Every year is a different batch. Every year, you have to eat the cookies to learn how they turned out. The talk around the table as we help is always reminiscent, recalling that one year when the fig mixture came out too dry, or another year when the filling was unbelievable but the dough didn't quite match the standard. The baking cookies smell like the holidays, all warmth and spice and anticipation. We don't want to wait for them to cool to test them. The crust should be firm, not too sweet, with a texture between a crunch and a crumble as your teeth bear down. The filling should taste like Christmas. In the good years, it's like the taste of every happy moment spent with the people you love most in all the world.

But even in those bad years, hey…those cookies are still pretty damn good.

click to read an excerpt
My love of family at the holidays inspired my first published novel, Snow Job, which features an estranged couple forced back together by mutual necessity to spend Christmas at the family cabin...pretending to be the happily married pair they once were. Skiing, firelight, cold feet and hot shenanigans abound (spanking says “Merry Christmas” to everyone, right? That's not just me?).

If you're a little braver, check out my other holiday tale, Xmas Spark. It's short and sweet and full of familial affection too, but be warned - it's in the “Merry Kinkmas” collection for a reason.

And if you're interested in cucidati, just Google it! Recipes are everywhere, so find one you like and experiment. If it doesn't turn out the way you want, there's always next year.

Whatever your reading pleasure, and whatever your favorite holiday fare, I wish you all the best of the season. Happy Holidays!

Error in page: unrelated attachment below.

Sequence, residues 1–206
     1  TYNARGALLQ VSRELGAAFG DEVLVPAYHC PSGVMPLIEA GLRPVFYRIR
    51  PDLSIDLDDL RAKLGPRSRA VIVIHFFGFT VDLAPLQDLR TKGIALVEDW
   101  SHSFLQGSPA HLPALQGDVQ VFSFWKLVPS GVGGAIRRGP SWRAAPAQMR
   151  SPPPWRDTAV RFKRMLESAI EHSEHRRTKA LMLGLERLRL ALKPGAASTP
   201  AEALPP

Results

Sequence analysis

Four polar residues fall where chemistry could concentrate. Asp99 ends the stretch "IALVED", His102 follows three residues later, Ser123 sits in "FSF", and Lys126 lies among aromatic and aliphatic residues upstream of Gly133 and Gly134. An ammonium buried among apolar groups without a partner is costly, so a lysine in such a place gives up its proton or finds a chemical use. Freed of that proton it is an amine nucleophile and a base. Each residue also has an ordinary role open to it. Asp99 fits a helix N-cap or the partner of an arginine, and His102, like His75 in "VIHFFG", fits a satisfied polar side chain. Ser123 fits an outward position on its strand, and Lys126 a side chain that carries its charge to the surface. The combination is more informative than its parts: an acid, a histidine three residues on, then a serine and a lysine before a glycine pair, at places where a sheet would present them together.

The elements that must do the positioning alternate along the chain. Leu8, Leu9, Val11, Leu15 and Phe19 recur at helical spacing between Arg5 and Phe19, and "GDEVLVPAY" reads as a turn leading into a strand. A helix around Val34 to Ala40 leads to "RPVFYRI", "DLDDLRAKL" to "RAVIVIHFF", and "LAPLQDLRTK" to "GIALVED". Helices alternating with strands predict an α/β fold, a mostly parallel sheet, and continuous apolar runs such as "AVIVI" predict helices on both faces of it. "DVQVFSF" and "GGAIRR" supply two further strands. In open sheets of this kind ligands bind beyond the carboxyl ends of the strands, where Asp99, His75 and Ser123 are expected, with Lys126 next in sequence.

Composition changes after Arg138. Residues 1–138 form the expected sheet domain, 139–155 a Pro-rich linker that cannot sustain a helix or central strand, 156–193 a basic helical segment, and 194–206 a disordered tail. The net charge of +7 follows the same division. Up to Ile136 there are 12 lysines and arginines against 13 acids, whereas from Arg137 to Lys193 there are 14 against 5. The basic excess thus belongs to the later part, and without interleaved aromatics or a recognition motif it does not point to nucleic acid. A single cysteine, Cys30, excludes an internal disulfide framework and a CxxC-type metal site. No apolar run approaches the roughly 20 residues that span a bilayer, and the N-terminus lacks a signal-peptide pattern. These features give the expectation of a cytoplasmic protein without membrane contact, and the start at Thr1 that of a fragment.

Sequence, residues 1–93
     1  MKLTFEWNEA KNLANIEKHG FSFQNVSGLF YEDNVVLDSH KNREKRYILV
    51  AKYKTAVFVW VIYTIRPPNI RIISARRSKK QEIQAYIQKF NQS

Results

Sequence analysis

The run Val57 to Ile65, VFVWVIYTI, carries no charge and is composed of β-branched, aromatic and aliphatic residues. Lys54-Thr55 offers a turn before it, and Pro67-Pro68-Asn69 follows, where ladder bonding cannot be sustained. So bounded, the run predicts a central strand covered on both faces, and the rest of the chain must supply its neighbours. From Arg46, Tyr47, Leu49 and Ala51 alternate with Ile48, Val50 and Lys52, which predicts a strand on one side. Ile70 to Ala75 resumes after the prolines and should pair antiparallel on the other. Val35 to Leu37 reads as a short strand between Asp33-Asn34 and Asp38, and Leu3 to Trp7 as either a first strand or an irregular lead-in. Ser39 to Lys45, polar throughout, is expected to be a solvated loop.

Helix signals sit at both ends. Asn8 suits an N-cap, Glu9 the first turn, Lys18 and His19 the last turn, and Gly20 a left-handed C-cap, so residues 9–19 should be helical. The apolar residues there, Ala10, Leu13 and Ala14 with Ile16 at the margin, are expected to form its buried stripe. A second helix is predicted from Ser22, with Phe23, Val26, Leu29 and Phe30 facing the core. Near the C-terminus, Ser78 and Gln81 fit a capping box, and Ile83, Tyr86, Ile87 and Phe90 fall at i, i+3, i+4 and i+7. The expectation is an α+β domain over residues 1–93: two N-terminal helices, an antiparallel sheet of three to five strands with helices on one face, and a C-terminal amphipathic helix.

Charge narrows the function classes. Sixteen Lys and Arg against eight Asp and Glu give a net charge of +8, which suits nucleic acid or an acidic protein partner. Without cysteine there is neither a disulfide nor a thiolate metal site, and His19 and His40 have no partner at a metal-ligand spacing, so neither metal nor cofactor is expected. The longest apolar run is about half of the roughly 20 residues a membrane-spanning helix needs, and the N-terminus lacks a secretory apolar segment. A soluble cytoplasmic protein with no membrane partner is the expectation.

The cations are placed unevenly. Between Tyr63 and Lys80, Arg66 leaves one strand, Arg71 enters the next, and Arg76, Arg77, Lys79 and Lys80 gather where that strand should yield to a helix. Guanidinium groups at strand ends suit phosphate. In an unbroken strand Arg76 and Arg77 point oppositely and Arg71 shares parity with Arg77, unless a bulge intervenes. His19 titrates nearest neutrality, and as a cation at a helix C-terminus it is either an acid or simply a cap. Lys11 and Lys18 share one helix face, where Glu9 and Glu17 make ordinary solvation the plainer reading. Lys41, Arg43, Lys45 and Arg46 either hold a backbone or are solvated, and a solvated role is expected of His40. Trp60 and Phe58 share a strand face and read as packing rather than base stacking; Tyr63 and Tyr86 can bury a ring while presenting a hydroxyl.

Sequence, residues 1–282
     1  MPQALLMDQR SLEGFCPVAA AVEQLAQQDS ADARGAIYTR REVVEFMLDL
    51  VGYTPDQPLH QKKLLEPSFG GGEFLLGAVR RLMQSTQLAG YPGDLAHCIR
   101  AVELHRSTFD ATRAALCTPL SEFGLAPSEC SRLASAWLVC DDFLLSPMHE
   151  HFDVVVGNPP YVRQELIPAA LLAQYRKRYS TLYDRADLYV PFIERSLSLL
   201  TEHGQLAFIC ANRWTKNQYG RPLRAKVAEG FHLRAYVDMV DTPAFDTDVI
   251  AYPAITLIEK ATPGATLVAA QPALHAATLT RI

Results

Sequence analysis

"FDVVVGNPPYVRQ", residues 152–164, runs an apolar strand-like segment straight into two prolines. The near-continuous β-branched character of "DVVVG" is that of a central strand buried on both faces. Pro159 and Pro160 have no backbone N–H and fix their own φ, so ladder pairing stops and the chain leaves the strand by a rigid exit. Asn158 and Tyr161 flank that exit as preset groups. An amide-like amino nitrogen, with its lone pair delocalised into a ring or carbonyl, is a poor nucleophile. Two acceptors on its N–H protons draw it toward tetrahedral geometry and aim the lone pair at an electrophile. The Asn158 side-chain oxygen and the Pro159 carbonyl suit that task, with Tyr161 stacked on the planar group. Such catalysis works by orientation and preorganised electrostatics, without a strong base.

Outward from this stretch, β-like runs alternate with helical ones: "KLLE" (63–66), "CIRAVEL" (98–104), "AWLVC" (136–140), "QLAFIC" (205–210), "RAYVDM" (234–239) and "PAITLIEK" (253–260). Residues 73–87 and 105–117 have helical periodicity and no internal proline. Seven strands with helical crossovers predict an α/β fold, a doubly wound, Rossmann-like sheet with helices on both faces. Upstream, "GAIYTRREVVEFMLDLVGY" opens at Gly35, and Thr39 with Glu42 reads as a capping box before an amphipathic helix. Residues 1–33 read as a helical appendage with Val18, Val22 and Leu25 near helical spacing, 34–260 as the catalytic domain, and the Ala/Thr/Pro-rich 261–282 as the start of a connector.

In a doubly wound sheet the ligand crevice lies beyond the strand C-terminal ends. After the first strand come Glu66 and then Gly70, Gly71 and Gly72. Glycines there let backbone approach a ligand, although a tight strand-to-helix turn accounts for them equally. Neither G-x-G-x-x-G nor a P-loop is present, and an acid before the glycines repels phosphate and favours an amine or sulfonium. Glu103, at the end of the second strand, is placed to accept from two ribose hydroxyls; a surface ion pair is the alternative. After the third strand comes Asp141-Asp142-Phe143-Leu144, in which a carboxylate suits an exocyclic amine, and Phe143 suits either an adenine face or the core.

So there you have dear readers. Sounds like a yummy recipe. Right? What about YOU? What do YOU like to make during the holidays?

When lawyer Elyce Anderson threatens to sue her estranged husband to stop construction on a environmentally fragile inlet, he proposes a deal. If Elyce attends his family’s annual Christmas vacation—playing the role of dutiful wife—he’ll save the inlet from development.
Once at the vacation cabin, the guise of happy couple takes a turn—particularly in the bedroom. Karl wants Elyce back, and wastes no time demonstrating how much. He’s forceful, demanding…taking her in the bed, in the bathroom, against the wall—even administering a “punishment” that leaves them both breathless with lust.
Elyce is shocked at Karl’s new approach to sex—and even more shocked to find her mind losing the battle with her body as she succumbs again and again. Intense and erotic, the long, hot winter nights leave her struggling to adjust. But despite her husband’s sudden and sexy change, Elyce knows some things remain the same…perhaps even her love for Karl.
Where To Buy: Amazon | Kindle | B&N/Nook | Ellora's Cave
Book Extras: Read an Excerpt

Delphine is giving away a copy of SNOW JOB to one(1) lucky reader. Here's how to enter and get your kink on:
  • Share your favorite holiday recipe in the comments along with your email addy, ninja style: yourname at gmail dot com.
  • Fill out the rafflecopter form below. You must share at least one holiday recipe you like (you don't have to give step by step instructions on how to make it). All other entries are optional.
Easy peasy right? Don't forget to enter for the awesome super secret prize here.

A huge thank you to Delphine for participating in the Joyathon and for giving away a copy of her book, SNOW JOB.